Lindell bolstered the Stop the Steal movement with lies and money, lobbied Trump to declare martial law and invalidate the 2020 election, and repeatedly incited crowds to insurrection. Guilfoyle was the only January 5 war council attendee who we know for certain spoke to Ali Alexander, the most violent and dangerous insurrectionist in the entire insurrection timeline and fact-pattern, though Alex Jones, Steve Bannon, Roger Stone, and Flynn—not to mention Trump himself—give him a significant run for his money. It will be difficult for Guilfoyle, who began her speech in Georgia 36 hours before the insurrection by shouting, “Where my soldiers at?” to escape the fact that she was coordinating with Alexander a matter of hours before Alexander’s Stop the Steal operation produced an armed rebellion against the American government.

But the question remains: do we really have, at this point, a conclusive roster of the attendees at Trump’s January 5 war council? The answer appears to be “no”—and I say this irrespective of the fact that the chief “mystery attendee” is the president himself.

New social media photos suggest that Daniel Beck’s father, Doyle Beck, may have attended the January 5 war council. In a Facebook photograph posted by the younger Beck and previously published at Proof, Daniel portrays himself and four other people as being part of a “we”/“us” who “talked [with Trump family members, advisers, and Congressional allies] about elections, illegal votes, court cases, the republics’ [sic] status, [and] what to expect on the hill [sic] tomorrow.” {Note: Beck’s ambiguous reference to Capitol Hill is interesting, as it could refer to the joint session of Congress, the Trump-endorsed march that was intended to end at—or even inside—the Capitol, or both.}

As two of the four people pictured with Daniel Beck appear to be minors, I have made no mention of them on Proof and will continue to avoid doing so. The woman in the picture is unidentified. The other man in the picture is Layne Bangerter, who appears to have been an employee of the Department of Agriculture on January 5, having previously served in the EPA, the Fish and Wildlife Service, and the USDA.

Bangerter previously worked in DC—indeed, for fourteen years, from 2003 to 2017—for current senator Mike Crapo (R-ID). More relevant to the account here, in 2016 Bangerter was Trump’s “Campaign Director for the State of Idaho” and thereafter a “Delegate to the Republican National Convention” and even a member of the “Trump/Pence Transition Team from November 2016 to January 2017.” He claims to have often traveled around the country with Vice President Mike Pence.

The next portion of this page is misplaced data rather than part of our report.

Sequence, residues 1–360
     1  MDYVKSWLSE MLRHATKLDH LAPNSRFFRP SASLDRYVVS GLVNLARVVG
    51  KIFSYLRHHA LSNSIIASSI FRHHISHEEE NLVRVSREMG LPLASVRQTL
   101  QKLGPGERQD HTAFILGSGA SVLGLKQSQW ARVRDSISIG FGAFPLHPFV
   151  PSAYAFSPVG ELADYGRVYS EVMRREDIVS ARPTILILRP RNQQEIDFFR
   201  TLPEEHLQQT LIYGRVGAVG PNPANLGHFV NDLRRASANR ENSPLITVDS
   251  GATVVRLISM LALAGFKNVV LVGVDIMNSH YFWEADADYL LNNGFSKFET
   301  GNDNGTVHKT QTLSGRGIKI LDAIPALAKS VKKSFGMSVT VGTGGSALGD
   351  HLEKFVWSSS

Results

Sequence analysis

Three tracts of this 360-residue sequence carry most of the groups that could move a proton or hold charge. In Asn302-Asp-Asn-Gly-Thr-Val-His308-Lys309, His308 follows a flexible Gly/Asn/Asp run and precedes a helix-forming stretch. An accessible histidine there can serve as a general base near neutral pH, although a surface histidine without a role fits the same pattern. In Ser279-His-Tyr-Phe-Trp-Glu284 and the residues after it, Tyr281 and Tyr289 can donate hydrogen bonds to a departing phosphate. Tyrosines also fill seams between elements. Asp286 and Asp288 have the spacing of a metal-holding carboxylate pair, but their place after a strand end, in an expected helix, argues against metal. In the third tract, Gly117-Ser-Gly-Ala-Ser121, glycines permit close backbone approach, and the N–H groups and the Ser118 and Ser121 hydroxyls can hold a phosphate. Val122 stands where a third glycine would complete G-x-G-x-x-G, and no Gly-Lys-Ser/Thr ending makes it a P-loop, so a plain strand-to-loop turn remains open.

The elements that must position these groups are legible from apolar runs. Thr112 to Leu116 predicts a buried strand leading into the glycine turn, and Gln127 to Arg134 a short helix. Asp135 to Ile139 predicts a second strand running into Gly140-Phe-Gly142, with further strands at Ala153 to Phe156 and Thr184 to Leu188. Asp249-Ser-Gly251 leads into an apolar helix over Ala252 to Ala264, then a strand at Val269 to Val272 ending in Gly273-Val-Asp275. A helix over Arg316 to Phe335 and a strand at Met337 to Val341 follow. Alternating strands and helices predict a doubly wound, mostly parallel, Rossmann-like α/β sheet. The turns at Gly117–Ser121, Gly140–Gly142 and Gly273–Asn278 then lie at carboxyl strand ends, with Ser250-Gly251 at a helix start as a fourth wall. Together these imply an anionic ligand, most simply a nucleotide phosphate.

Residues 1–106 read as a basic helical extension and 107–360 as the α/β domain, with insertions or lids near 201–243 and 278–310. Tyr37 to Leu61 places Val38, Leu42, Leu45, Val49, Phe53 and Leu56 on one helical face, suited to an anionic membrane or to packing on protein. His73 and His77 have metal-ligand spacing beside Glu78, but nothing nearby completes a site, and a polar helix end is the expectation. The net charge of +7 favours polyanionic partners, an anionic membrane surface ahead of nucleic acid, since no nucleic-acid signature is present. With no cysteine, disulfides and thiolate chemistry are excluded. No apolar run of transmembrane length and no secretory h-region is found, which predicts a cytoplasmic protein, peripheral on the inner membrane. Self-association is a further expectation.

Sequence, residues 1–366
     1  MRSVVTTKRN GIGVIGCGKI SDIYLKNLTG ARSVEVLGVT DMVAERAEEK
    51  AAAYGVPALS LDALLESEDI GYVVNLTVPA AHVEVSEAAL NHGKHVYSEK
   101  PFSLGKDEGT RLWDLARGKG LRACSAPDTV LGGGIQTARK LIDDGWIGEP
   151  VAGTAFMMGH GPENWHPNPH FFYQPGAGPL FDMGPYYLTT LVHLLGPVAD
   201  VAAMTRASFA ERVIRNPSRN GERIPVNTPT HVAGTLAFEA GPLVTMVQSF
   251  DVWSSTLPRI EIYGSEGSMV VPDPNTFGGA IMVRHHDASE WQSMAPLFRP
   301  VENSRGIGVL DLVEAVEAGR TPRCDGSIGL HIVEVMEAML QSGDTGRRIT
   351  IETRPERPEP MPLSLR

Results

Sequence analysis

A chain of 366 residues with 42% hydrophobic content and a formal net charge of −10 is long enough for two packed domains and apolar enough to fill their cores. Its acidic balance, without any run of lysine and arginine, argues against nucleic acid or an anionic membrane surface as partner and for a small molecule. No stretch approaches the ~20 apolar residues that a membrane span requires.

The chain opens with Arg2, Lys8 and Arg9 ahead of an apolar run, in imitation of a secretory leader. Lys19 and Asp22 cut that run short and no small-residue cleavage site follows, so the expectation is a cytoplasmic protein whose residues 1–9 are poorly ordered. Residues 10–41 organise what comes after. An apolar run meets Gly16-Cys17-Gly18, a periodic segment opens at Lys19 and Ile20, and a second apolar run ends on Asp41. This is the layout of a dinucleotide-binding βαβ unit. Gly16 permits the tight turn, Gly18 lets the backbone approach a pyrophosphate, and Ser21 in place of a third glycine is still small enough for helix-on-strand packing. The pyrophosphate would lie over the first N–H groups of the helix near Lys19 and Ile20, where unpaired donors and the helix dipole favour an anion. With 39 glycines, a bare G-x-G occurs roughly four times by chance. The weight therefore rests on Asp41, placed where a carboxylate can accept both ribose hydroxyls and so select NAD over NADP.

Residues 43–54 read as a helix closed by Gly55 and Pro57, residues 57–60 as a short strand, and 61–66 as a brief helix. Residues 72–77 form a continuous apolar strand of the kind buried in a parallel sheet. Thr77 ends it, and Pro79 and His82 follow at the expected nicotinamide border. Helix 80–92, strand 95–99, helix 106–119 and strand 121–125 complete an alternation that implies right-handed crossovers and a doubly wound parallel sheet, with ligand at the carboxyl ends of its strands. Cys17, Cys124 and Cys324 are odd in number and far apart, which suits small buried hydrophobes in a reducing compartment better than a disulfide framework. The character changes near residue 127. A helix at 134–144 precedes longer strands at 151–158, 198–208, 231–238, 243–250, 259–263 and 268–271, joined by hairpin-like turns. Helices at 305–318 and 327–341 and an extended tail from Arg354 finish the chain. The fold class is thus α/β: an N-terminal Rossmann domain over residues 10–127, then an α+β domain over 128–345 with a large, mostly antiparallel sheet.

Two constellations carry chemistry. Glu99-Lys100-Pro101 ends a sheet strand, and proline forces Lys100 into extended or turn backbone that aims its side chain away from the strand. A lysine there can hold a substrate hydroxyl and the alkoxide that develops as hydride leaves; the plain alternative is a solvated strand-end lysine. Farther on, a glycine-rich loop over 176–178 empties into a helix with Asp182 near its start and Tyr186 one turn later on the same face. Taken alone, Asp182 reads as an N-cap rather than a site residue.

I didn’t deem Bangerter a potential attendee at the war council until I saw this photo:

This photograph, posted by Doyle Beck himself, confirms that Daniel Beck's father was with him at Trump International Hotel in DC on January 5. If Daniel ended up going to the war council, as he says—at great length—he did, it is almost impossible to imagine Doyle not also going, given that Daniel's father is far more influential within the Republican Party than he is. He also appears to be much closer with the president himself, if this photograph with Doyle and his wife is any indication:

But it’s not just that Doyle has been photographed with the president—many people have—but that while Daniel (per a Facebook post) was indeed in DC for Trump's 2017 inauguration, it appears that his father actually got to go to one of the inaugural balls:

This picture—like Daniel’s own, from the same day, in casual wear—is from January 21, 2017. Note that it also depicts none other than Layne Bangerter, the same GOP official who was with Doyle Beck and Donald Trump Jr. at Trump International Hotel on January 5, 2021.

Given that Layne has, if his title and biography are any indication, even more juice in the Republican Party than Doyle Beck does, and is surely (given the aforementioned biography) even closer to the president’s circle than Doyle, there’s a bit of a rush-for-the-door quality here: meaning that if Daniel Beck was allowed to go to the January 5 war council, it’s difficult to see how both his father and Layne Bangerter didn’t also go.